According to InvestmentNews, Morningstar stated that 15 municipal bond funds, “14 of them from Oppenheimer Funds (OPY),” have at least 10 % of their portfolios in the island’s bonds. The 15th fund is from Mainstay. Morningstar reported that through September 28, the funds lost a 1.57% average for the month. The Oppenheimer Rochester Maryland Municipal Bond (ORMDX), which has 26% of its portfolio in Puerto Rico bonds, was considered the worst performer. In addition to Oppenheimer and Mainstay, other U.S.-based funds that are losing money from Puerto Rico bonds, include, as reported by The New York Times:

· Paulson & Co., which has invested billions of dollars in Puerto Rico securities. The Wall Street firm is run by hedge fund manager John A. Paulson.

The US Securities and Exchange Commission has filed charges against investment adviser Tarek D. Bahgat for allegedly stealing $378K from clients. Bahgat is accused of misappropriating funds from seven investment advisory clients, most of whom were elderly investors.

According to the regulator, from December 2014 through September 2016, Bahgat, using the alias Terry Dean Bahgat, misappropriated the clients’ funds online and transferred the money to his own account and that of WealthCFO, which was the payroll and accounting company that he controlled. FINRA’s BrokerCheck database shows that Bahgat was working for two brokerage firms: Cambridge Investment Research and Gradient Securities. After exiting Gradient, he was a state-registered advisor and used the name WealthCFO Partners.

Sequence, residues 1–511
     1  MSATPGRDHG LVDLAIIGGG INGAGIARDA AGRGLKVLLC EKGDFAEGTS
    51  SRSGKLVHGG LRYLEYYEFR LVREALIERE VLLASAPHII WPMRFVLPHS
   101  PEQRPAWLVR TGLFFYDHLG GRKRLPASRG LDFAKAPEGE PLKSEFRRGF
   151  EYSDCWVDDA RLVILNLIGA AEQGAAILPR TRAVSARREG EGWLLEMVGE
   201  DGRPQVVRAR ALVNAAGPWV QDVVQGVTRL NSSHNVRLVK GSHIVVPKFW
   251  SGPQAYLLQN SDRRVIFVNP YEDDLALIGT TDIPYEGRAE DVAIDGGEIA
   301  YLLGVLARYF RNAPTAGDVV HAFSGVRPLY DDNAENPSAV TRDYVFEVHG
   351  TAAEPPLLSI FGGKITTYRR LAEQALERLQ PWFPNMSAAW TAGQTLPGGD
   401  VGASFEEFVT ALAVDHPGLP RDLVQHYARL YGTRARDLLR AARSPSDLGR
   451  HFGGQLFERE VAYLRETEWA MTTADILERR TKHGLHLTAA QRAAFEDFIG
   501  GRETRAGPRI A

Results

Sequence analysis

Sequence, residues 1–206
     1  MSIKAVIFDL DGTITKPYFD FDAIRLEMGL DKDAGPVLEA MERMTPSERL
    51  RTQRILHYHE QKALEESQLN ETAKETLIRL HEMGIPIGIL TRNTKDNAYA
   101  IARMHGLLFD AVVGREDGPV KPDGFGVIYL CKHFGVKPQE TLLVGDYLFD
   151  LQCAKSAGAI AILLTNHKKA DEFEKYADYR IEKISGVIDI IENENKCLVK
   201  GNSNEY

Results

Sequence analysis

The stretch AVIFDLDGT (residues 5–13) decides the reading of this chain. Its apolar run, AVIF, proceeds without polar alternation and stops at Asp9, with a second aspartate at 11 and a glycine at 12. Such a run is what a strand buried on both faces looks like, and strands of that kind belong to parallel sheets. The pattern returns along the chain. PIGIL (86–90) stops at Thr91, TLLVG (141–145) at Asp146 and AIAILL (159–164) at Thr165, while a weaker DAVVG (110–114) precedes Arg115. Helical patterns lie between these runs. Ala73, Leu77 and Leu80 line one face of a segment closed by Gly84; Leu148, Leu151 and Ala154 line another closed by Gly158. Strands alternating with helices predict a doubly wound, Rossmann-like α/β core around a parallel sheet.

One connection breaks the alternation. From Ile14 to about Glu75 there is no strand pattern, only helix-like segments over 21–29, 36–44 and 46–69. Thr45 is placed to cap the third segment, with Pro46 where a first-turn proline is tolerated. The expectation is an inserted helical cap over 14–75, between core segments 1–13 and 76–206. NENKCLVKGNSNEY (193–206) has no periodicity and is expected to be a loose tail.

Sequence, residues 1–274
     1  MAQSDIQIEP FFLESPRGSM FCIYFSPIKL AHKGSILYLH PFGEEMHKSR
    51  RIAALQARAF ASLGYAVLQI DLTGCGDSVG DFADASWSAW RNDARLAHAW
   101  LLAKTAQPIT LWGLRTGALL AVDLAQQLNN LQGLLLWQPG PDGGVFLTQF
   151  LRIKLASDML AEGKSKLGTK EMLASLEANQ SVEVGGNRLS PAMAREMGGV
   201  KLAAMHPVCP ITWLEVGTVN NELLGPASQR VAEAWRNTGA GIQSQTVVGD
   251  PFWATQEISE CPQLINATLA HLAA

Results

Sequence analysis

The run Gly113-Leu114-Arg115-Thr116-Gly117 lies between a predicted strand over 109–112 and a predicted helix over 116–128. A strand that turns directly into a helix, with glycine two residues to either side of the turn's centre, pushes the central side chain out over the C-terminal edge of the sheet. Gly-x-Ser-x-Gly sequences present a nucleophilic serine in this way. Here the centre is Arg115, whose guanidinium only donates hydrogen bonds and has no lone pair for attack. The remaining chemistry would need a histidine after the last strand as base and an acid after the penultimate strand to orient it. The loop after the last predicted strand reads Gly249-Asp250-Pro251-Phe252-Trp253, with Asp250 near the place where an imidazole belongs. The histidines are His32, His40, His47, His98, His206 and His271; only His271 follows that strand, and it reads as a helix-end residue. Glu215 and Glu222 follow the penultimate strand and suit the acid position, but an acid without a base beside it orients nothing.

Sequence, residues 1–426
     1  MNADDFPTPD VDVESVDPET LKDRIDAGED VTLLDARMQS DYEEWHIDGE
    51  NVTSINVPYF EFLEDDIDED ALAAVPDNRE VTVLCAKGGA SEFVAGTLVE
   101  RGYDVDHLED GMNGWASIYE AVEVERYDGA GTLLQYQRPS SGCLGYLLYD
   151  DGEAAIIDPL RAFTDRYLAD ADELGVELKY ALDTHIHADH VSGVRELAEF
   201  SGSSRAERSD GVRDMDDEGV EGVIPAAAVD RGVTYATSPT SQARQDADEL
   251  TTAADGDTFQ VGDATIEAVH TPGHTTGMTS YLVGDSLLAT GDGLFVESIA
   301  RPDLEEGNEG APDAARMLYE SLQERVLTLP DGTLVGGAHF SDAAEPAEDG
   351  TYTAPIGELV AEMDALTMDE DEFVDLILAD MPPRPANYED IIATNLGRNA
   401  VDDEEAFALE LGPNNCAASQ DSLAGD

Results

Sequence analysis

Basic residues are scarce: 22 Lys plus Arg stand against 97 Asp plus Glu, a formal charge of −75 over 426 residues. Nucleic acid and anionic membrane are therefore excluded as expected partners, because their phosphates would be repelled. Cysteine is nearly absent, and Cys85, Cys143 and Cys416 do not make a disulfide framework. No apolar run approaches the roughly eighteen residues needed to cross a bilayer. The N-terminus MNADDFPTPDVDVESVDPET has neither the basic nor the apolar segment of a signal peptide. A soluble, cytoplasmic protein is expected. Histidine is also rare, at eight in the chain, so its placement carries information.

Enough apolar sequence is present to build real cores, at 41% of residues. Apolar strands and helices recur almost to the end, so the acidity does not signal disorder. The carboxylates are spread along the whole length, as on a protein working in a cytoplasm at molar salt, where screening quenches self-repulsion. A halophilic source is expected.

The SEC’s complaint claims that Bahgat would sometimes obtain the internet bill-paying privileges in some client accounts by pretending to be the client or having his assistant, Lauramarie Colangelo, pose as the client during phone calls with the brokerage firms that held the accounts. Colangelo was the operations manager of WealthCFO.

Continue reading

The US Securities and Exchange Commission has filed civil charges against Michael Scronic, a New York-based investment adviser accused of defrauding retail investors in a $19M Ponzi scam. According to the regulator, beginning in 2010, Scronic raised funds from 42 friends and acquaintances for a “risky options trading strategy” involving the Scronic Macro Fund, a fictitious hedge fund in which he was supposedly selling shares. Many of the investors he approached were from the community where he lives. Their investments ranged from $23K to $2.4M.

The SEC contends that Scronic lied to them about his investing track record, claiming he had a long history of proven returns while touting that the investments he was selling were liquid and easily redeemable. In reality, claims the Commission, the investors’ money was draining away because of massive trading losses.

Scronic is accused of not segregating the funds according to investor and transferring their money into his personal brokerage account. His investment agreements with investors stipulated that their funds would be placed in a hedge fund, in which he would serve as acting investment adviser, and he would send them quarterly reports. Scronic also noted in these agreements that he had a fiduciary obligation to investors and would comply with all state and federal laws.

Continue reading

ServiceMesh Co-Founder Accused of Fraud
The US Securities and Exchange Commission has filed charges against Eric Pulier, the co-founder of ServiceMesh (SMI) and a former IT executive at Computer Sciences Corporation (CSC). According to the regulator, Pulier bilked CSC of $98M related to its acquisition of SMI.